Just this week a federal judge in New York struck down a Trump administration decision to scale back U.S. government protections for migratory birds. U.S. District Judge Valerie E. Caproni berated the administration’s interpretation of the century-old Migratory Bird Treaty Act as applying only if the animals are specifically targeted.
What is the Migratory Bird Treaty Act?
Click here to view from the U.S. Fish & Wildlife Service Website: https://www.fws.gov/birds/policies-and-regulations/laws-legislations/migratory-bird-treaty-act.php
As stated, the law prohibits the take (including killing, capturing, selling, trading, and transport) of protected migratory bird species without prior authorization by the Department of Interior U.S. Fish and Wildlife Service. The list of migratory bird species protected by the law is primarily based on bird families and species included in the four international treaties. It covers a variety of birds such as eagles, red knots, Canada geese and vultures.
According to the U.S. Fish & Wildlife Service:
“An estimated 500,000 to 1 million birds are killed annually in oil pits and evaporation ponds. In one study, 51 % of all birds found at oil and gas facilities were in heater-treaters, 30% in various pits, 4% in wastewater ponds, 4% tanks and trays, and 1% spills.”
The 2020 update identifies these migratory species, but are not protected because their presence in the United States or U.S. territories is solely the result of intentional or unintentional human-assisted introductions. Thus benefiting the critics of the century-old Migratory Bird Treaty Act, such as energy and oil companies, who have opposed the law as too broad.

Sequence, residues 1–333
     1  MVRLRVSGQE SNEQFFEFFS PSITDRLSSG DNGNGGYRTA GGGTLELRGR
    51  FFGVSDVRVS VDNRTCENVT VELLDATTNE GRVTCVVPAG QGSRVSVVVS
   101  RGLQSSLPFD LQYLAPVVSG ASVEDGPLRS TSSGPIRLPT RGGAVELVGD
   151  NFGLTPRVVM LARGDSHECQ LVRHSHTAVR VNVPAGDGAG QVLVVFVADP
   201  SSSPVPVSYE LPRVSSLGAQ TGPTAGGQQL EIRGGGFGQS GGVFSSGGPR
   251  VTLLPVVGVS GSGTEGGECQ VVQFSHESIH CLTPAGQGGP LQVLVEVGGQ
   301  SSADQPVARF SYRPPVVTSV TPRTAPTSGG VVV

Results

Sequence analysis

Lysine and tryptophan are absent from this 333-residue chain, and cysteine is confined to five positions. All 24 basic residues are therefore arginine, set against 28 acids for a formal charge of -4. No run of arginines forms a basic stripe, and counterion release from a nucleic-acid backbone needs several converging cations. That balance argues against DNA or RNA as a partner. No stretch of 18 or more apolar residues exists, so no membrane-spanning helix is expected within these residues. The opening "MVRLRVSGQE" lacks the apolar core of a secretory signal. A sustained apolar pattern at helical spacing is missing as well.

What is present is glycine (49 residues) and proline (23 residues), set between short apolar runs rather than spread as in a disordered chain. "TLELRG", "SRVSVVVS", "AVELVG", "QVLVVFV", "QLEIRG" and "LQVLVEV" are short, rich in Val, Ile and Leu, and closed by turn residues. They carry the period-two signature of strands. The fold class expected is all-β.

Their action reversed decades of efforts to protect the animals as they navigate the globe. Essentially, if a landowner destroys an endangered owl’s nests without checking before building a barn or an oil company fails to cover a tar pit that birds could dive into and be killed could not be held responsible.
In a 31-page document, Caproni cited the novel “To Kill a Mockingbird” to support her decision:
“It is not only a sin to kill a mockingbird, it is also a crime,” Caproni wrote. “That has been the letter of the law for the past century. But if the Department of the Interior has its way, many mockingbirds and other migratory birds that delight people and support ecosystems throughout the country will be killed without legal consequence.”
What are your thoughts on the U.S. District Judge Valerie E. Caproni’s decision?